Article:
Senior takes an ‘Avenue’ less traveled

Impending graduates may have trouble finding a job. So instead, Toyin Awesu created her own. With her strong work ethic and entrepreneurial spirit, the senior journalism major is editor in chief and publisher of “Avenue Report,” a quarterly magazine set to launch in April and transform the way black men are portrayed.

“I decided to create a men’s magazine, black man at that, because I wanted to do something that was unfamiliar for me,” Awesu said. “I wanted to see how I could succeed at something I know very little about,” she continued.

“When I was thinking of what type of magazine to create, I spent some time at various newsstands to see what was missing in the magazine industry or what needed some major work.”

Awesu wants to convey that black males aren’t one dimensional. To that end, “Avenue Report” targets the ones that are professional, fashion conscious and business savvy.

Awesu researched, brainstormed a business plan and weeded through hundreds
of resumes (including a few from Temple).

With help from her Zeta Phi Beta Sorority Inc. sisters and from Toshamakia of 100.3 The Beat WPHI-FM, “Avenue Report” was founded in June 2006. With a staff of 15, two online versions were later created with Johnta Austin and Lupe Fiasco gracing the covers.

“I bugged Atlantic Records until I got the interview with Lupe,” Awesu said. “I kept telling everybody I’m working on something. I’m busy, I’m busy. I had to keep my mouth shut until it happened.”

As is often the case in life, she met adversity on the road to success. Her mother passed away in January 2006. The loss caused her to turn down an internship
with “CARGO” magazine and delay her graduation by one year.

“It had been a rough year, my mom didn’t see me turn 21 but I know she was right with me,” Awesu said. “She foresaw [my success] before I did. She wouldn’t be surprised. It’s not like me to not be up in something.”

Whenever creative minds set out to make their dreams reality, there are always people queued to capitalize on that success.

“You do have to deal with people who say they’re going to help you and then they don’t,” Awesu said. “If they can’t work within the project and guidelines, I’ll let them know I can’t work with them. I’ve learned that there is no point in crying over people unless they are really good.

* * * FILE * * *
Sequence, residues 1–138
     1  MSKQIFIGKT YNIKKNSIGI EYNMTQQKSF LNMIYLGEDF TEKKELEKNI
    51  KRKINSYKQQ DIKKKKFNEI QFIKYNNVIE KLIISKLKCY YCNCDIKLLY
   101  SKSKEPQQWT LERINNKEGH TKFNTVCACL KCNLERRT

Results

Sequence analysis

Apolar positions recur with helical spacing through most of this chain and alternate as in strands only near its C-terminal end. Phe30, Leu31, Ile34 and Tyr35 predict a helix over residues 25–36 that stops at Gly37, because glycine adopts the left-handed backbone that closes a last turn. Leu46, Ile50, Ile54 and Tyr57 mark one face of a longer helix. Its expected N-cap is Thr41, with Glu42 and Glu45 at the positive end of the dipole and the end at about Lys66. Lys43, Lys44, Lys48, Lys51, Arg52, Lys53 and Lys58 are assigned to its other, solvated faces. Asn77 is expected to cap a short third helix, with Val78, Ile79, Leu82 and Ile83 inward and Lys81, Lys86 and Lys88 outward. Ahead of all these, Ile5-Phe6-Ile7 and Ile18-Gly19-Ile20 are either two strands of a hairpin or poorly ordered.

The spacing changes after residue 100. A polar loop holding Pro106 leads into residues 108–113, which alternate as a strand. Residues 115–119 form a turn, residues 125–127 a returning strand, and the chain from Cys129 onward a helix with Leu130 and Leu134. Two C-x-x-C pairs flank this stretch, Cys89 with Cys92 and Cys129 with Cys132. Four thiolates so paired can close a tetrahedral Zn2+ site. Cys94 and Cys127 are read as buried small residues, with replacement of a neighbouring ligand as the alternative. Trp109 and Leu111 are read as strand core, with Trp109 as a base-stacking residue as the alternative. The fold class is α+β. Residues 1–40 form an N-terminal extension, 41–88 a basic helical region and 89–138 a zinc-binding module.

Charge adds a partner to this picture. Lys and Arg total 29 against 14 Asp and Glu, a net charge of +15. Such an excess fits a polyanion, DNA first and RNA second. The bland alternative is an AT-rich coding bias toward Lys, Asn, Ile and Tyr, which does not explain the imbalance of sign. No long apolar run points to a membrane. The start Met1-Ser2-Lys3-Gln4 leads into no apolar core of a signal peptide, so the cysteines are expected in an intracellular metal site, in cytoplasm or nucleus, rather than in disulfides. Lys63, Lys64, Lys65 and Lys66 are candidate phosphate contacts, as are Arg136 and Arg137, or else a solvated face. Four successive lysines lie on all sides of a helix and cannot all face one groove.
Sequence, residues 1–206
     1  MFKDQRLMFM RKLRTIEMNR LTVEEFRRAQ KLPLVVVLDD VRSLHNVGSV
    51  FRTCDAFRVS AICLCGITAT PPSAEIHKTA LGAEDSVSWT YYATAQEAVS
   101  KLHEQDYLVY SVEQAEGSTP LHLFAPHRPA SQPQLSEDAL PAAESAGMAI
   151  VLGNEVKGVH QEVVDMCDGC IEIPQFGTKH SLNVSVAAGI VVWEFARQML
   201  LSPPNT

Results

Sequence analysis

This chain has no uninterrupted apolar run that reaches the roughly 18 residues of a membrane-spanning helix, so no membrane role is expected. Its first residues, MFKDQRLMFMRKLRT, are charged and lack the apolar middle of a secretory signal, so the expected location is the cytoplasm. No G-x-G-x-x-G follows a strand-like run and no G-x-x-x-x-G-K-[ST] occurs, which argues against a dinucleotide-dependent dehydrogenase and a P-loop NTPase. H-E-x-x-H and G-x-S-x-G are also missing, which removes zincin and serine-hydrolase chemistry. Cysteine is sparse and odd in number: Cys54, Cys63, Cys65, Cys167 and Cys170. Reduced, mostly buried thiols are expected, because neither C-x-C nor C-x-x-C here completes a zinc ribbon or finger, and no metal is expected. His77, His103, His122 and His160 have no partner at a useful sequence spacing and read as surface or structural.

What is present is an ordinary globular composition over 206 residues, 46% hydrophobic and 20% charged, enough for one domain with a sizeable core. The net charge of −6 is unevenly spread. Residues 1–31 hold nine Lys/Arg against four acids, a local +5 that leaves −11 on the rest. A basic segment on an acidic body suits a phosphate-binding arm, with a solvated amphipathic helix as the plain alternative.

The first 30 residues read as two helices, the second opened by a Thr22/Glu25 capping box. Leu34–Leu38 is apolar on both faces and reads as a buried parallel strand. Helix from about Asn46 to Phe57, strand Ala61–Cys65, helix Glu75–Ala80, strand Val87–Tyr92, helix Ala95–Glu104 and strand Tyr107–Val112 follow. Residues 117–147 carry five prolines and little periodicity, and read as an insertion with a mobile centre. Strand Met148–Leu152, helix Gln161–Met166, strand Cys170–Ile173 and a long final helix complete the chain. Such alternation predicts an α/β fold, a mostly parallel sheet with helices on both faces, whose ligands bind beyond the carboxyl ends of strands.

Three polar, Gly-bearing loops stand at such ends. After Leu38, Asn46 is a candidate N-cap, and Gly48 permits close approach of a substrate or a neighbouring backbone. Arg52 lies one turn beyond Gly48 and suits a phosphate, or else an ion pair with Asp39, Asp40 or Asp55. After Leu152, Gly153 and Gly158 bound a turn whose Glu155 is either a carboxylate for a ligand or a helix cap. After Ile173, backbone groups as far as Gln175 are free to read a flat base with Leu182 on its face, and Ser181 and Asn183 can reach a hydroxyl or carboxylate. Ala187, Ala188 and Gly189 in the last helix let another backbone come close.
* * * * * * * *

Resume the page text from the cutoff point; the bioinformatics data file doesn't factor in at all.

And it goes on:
“If they are, then you bend over backward
for them. But if they’re just regular, there are 10, 15, 20 people that can come and do their job.”

While finishing up her degree, Awesu visits home during the week, driving two hours to care for her 14-year-old brother in Maryland. This commute doesn’t stop her from filling the 84 pages to 92 pages with content. She is currently working out the distribution details, but an estimate of about 12,000 copies to 15,000 copies will be available.

“Branding is AR’s biggest thing. Right now the target cities are New York, D.C., Philly, Chicago, Atlanta and Detroit.” she said. “I get a lot of phone calls now and it’s annoying.” Describing herself as a TV-watching weirdo who’s a bit bossy, goal oriented, loyal, busy-body, fun, intelligent – yet lazy when she wants to be – and somewhat introverted because of her love of staying inside and reading books, she has some advice for people who might want to start their own business venture.

“This generation is an era of entrepreneurs,” Awseu said. “Twenty-, 21-, 22-year-olds, I meet them everyday. Don’t underestimate yourself, but be well aware of the pros and cons. You must take the time to research and know the industry.” So what’s next for the self-starter?

“My brain is always cracking into something new. I’m into fashion,” Awseu said. “Maybe a restaurant. Whatever it is, it will be something new and necessary.”

Kenyatta A.N. Joseph can be reached at

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